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Mulberry Bend: 1905

Mulberry Bend: 1905

Circa 1905. "Mulberry Bend, New York City." The name was changed to Columbus Park in 1911. 8x10 glass negative, Detroit Publishing Co. View full size.


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Baciagalupo story

Here's a short story on Chas. Baciagalupo's own funeral from the New York Times in 1908:

"Charles Bacigalupo, who for thirty years has buried the rich and poor of Mulberry Bend and Chinatown, was himself buried yesterday, and no funeral of such a scale of grandeur has ever been offered to the reverent if color-loving and emotional people of that section. Bacigalupo died in Brooklyn in one of those comfortable, old-fashioned mansions in Second Place... There were more than 200 carriages and seemingly endless processions of Italian societies with banners draped in crepe and bands sonorously sounding dirges that kept the mourners' tears welling to their eyes.

"After the services at the house the coffin was brought to the hearse—not the famous automobile hearse, but the finest that was ever built to go behind horses. Then six jet black horses, draped in white netting that flowed over the pavement, started toward the Brooklyn Bridge with six attendants holding their bridles. Behind the hearse were nine open carriages piled high with the flowers that the dead undertaker's hundreds of friends had sent."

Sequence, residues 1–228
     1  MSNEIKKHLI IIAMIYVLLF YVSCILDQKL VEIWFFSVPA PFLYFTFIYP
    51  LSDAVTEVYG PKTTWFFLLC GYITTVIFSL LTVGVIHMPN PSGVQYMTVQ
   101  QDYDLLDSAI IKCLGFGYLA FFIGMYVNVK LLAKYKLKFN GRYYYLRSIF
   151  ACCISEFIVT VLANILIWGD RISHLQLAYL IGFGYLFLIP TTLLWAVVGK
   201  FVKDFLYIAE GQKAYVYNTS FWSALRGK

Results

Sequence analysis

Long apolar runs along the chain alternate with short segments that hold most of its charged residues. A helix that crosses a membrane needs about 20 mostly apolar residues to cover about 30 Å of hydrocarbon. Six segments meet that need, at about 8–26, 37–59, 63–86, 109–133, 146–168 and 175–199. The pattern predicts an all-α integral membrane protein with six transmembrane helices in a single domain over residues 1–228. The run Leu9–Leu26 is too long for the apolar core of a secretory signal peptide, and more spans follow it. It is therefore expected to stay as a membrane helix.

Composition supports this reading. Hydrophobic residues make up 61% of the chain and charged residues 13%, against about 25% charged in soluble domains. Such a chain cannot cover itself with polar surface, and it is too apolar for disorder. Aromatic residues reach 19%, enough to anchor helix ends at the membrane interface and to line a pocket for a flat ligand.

Keep them assets earnin'

Mr. Bacigalupo will rent you his coaches any time, day or night... so long as they don't contain one of his "customers". Apparently a common practice... several years earlier, the couple responsible for the 1897 NYC "murder of the century" hauled away the decedent by hiring a wagon from their neighborhood undertaker. A touch of irony, in that case.

All in Chinatown Now

The buildings right behind the park pavilion are all in Chinatown now, and have been since at least when I lived in the area in the 60s and 70s. There were only a handful of longtime Italian businesses and families I knew left there on Bayard and Mulberry Streets. The tourist trap of restaurant after restaurant that is Little Italy now doesn't begin until north of Canal Street, running up Mulberry Street for about a half mile or so.

By the way, the building with the flagpole and flag to the right of center is 70 Mulberry Street, formerly Public School 23, and now the Research Center location of MoCA, Museum of Chinese in America.


I notice several gents having a nap while sitting on the benches. When I was younger, I couldn't understand how you could sleep sitting up like that. Now I wonder how you don't. Embarrassing in restaurants. Ahem.


Even if your comment isn't posted, others might still answer your questions. Glad to see that the pavilion is still there. Shame the park is now converted into so many basketball courts [nothing against basketball, you understand], but it would be nice to have the greenery.

The Other Half